Declaring bankruptcy is a way for you to become debt free when you can’t pay your creditors. It’s a big decision, one that can have long-term effects on your daily life and may not be right for everyone.
What You Need To Know About Declaring Bankruptcy
Before you decide to declare bankruptcy, you’ll need to consider the following:
- Bankruptcy costs money, approximately £680, which you’ll need to pay before you can file.
- You might need to sell your belongings or your home to pay off your debts, and your pension savings may be at risk.
- Your credit rating will be significantly impacted, making it harder to get loans, mortgages or credit cards; bankruptcy stays on your credit report for six years.
- Until your bankruptcy is discharged, you’ll have restrictions placed on your work and finances.
- Not all debts are cleared by bankruptcy, and you will still need to pay these.
- Your bankruptcy is part of the public record which anyone can access.
- If you’re not a British citizen, any application for citizenship or to bring dependents into the country will likely be denied.
- Creditors can apply to make you bankrupt if you owe more than £5,000.
- Your business could be shut down and its assets sold off to pay your creditors.
Is Bankruptcy Right For You?
Bankruptcy is not right for everyone.
It might be right for you if:
- You don’t know how else you can pay off your debts.
- You have little or no equity in your home.
- The value of your belongings is less than the amount of your debts.
It might not be right for you if:
- Your debts are less than £20,000 and your belongings less than £1,000.
- Declaring bankruptcy puts your career at risk, e.g. solicitor, accountant, or estate agent.
- You want to keep your financial difficulties private.
- You can access additional funds to pay off your debts.
- Your circumstances may change, e.g. through an inheritance, which will allow you to pay off your debts.
Alternatives To Bankruptcy
If bankruptcy isn’t for you, there are alternatives:
- Debt Relief Orders if your debts are less than £20,000 and you have less than £50 a month to pay creditors, you’re not a homeowner, and your belongings (bar vehicles) aren’t worth more than £1,000.
- Individual Voluntary Arrangements (IVAs) if you have £100 or more to pay towards your debts each month and can pay off your debts over a set period.
- Administration Orders if you have unsecured debts under £5,000 and a County Court Judgement for debt.
What Happens After You Are Declared Bankrupt?
Most banks automatically freeze your bank accounts, which will remain frozen until they speak to the Official Receiver, which can take time. You need to talk to your bank to see if they’ll keep your bank account open, but they don’t have to say yes.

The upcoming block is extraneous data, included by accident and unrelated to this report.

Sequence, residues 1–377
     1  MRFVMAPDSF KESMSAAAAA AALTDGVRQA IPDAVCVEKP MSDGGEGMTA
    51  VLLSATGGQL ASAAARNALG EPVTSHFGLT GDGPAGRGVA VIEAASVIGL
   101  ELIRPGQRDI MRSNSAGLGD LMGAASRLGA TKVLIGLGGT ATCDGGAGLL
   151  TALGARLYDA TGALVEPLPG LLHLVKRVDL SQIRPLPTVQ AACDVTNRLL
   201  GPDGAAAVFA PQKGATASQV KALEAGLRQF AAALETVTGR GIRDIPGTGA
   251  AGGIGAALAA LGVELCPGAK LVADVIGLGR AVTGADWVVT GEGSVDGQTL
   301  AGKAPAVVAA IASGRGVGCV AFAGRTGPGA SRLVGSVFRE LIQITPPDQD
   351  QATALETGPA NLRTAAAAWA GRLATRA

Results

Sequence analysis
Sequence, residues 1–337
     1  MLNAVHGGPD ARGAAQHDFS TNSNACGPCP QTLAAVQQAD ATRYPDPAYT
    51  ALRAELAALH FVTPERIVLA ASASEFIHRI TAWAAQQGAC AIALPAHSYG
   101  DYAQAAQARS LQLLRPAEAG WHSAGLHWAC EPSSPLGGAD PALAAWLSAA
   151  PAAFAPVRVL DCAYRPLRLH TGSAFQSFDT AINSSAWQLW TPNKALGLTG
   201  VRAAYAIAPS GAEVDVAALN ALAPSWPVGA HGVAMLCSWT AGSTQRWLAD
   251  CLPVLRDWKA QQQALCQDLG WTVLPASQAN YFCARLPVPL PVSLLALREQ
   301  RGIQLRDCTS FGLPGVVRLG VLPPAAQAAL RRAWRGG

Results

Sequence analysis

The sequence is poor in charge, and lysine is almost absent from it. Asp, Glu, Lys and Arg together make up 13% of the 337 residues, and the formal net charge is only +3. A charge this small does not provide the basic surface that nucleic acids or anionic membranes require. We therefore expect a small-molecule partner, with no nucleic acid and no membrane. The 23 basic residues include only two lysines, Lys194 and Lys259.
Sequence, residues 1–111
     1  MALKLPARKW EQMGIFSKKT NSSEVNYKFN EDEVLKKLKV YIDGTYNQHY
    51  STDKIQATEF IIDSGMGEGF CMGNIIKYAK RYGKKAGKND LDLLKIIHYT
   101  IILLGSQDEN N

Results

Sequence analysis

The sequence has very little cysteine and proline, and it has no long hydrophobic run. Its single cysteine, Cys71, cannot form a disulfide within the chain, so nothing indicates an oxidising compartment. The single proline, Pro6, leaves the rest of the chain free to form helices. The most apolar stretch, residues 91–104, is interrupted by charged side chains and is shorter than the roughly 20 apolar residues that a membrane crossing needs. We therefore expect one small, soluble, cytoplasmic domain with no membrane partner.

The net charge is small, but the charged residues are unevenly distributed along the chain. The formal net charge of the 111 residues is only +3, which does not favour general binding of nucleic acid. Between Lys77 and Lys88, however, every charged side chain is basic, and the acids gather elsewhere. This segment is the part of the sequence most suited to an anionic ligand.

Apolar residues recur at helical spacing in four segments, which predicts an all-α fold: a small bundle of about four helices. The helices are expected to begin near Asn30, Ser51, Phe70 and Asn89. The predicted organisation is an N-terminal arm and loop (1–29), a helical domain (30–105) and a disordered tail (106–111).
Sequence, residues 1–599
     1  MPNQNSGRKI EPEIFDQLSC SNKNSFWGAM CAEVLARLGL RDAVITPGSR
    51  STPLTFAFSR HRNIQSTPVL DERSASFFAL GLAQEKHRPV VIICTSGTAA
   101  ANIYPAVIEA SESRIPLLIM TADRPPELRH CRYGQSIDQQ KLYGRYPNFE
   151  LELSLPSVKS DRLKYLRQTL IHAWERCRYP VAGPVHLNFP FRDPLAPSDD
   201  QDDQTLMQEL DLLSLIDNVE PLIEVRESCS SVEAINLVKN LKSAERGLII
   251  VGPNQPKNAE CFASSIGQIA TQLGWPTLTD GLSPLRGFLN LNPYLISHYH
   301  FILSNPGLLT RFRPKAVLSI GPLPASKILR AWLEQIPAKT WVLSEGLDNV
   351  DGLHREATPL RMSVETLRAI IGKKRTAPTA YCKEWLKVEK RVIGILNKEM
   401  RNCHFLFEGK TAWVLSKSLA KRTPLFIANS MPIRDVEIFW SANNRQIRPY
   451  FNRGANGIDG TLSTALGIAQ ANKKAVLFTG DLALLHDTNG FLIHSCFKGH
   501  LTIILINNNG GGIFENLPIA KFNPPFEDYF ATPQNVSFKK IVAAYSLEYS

You should be able to open a new bank or building society account, though this is at a bank’s discretion and they may apply restrictions, e.g. not letting you have an overdraft. When you go to open a new account, you need to let them know you have been declared bankrupt.
You don’t need to tell the Official Receiver about your new account, but you do need to tell them about any money in those accounts beyond what you’re allowed to keep for living expenses.
Change in circumstances
You must tell the Official Receiver if you have a change of circumstances, including:
- Increased or reduced income.
- Lump sum payments, e.g. an insurance claim or inheritance.
- Lottery or premium bond winnings.
The Official Receiver can ask you to pay this money towards your debts. If you don’t inform the Official Receiver, you could be prosecuted for committing a bankruptcy offence.
If you forgot about assets when you applied for bankruptcy and they aren’t included in your bankruptcy order, you need to contact the Official Receiver as they may be applied to your debt.
Adding debt to your bankruptcy
If you forgot about any debt when you applied for bankruptcy, you could ask that this is attached to the order. You cannot ask for any new debt to be added to your bankruptcy.
You cannot apply for credit of more than £500 without telling the lender about your bankruptcy; if you don’t tell them, you are committing a criminal offence.
Creditors must stop asking for money for most debts once you are declared bankrupt and cannot start any new court proceedings against you. They can send you letters letting you know the balance of your account and ask you to pay debts not included in your bankruptcy. Debts that they can still ask you to pay include magistrates court fines, maintenance or child support arrears, student loan and HMRC debts.
Cancelling your bankruptcy
If you’ve paid off your debts and bankruptcy expenses in full, you can apply to cancel your bankruptcy. You can also ask for your bankruptcy to be cancelled if it was issued in error, e.g. you owed less than £5,000, or your creditors agree to an IVA. You cannot apply to cancel your bankruptcy because you think you’ve made the wrong decision and changed your mind.
When Does A Bankruptcy End?
Bankruptcy is generally over after one year. You’ll be told when it’s over by the Official Receiver, who can delay the discharge if you have not cooperated with your bankruptcy order. You will still be under bankruptcy restrictions, which could last for up to fifteen years. You will also still need to make payments under income payments agreements and orders.